By L. T. Meade
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Extra resources for A Sweet Girl Graduate by L. T. Meade
Is this last statement correct? —THE MINERS' HOLIDAY. Seven coal-miners took a holiday at the seaside during a big strike. Six of the party spent exactly half a sovereign each, but Bill Harris was more extravagant. Bill spent three shillings more than the average of the party. What was the actual amount of Bill's expenditure? —SIMPLE MULTIPLICATION. If we number six cards 1, 2, 4, 5, 7, and 8, and arrange them on the table in this order:— 1 4 2 8 5 7 We can demonstrate that in order to multiply by 3 all that is necessary is to remove the 1 to the other end of the row, and the thing is done.
The nought is not allowed. —THE CENTURY PUZZLE. Can you write 100 in the form of a mixed number, using all the nine digits once, and only once? The late distinguished French mathematician, Edouard Lucas, found seven different ways of doing it, and expressed his doubts as to there being any other ways. As a matter of fact there are just eleven ways and no more. Here is one of them, 91 5742/638. Nine of the other ways have similarly two figures in the integral part of the number, but the eleventh expression has only one figure there.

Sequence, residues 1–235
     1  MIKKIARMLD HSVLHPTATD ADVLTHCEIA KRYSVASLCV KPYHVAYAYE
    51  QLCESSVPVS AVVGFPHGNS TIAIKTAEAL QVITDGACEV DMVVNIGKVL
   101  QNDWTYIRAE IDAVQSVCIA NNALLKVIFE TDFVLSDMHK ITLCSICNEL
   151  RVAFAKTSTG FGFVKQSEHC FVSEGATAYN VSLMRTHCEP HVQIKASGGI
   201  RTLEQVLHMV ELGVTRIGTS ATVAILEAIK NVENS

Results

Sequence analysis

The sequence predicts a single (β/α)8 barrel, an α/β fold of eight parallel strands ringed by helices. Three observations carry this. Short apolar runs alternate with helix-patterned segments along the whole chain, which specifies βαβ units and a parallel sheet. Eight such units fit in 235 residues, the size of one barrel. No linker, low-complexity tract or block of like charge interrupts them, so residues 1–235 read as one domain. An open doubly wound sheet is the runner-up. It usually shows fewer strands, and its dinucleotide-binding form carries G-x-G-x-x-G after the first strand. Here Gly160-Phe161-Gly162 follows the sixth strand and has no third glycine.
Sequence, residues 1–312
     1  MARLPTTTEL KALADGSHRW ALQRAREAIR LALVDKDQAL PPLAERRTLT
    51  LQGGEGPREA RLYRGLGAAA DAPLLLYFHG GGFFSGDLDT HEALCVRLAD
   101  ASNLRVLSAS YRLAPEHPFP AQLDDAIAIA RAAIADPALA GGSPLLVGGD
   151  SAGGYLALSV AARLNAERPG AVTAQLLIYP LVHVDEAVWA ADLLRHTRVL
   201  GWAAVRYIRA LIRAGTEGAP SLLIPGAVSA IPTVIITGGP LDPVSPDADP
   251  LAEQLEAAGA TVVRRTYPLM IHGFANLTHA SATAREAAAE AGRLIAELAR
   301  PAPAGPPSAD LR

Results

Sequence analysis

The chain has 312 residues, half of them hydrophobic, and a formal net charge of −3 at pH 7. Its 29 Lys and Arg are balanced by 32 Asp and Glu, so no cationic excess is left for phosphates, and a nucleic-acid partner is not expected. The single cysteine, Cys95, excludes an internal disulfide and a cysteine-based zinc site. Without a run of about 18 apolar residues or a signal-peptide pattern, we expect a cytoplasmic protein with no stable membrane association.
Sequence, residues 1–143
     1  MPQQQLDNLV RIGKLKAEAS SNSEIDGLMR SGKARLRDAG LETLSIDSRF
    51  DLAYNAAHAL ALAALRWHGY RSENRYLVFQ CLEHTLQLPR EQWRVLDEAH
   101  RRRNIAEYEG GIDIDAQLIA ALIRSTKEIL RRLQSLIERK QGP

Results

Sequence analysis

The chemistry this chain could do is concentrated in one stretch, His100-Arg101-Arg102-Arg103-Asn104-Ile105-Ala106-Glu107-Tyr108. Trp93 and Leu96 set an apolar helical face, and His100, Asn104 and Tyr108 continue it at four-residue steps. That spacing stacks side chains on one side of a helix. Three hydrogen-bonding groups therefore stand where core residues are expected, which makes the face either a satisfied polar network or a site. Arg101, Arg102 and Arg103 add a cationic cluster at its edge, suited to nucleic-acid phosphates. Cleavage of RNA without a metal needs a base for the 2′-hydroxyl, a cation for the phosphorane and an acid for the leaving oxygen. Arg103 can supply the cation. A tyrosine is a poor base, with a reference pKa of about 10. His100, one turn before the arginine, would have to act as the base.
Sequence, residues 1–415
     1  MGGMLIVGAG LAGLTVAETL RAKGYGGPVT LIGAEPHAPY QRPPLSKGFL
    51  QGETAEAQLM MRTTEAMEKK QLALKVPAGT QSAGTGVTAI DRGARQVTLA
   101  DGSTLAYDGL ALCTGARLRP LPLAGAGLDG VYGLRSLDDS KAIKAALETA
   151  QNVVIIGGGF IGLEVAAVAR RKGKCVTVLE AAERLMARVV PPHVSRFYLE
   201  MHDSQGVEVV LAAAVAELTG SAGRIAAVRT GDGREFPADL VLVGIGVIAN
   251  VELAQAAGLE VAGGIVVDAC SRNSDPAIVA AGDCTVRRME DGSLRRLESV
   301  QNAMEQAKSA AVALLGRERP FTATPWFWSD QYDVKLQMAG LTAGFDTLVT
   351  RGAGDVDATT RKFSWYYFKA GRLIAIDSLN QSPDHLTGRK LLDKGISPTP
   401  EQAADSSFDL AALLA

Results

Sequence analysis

In this case we use the nought in addition to the 1, 2, 3, 4, 5, 6, 7, 8, 9. The puzzle is, as in the last case, so to arrange the ten counters that the products of the two multiplications shall be the same, and you may here have one or more figures in the multiplier, as you choose. The above is a very easy feat; but it is also required to find the two arrangements giving pairs of the highest and lowest products possible. Of course every counter must be used, and the cipher may not be placed to the left of a row of figures where it would have no effect.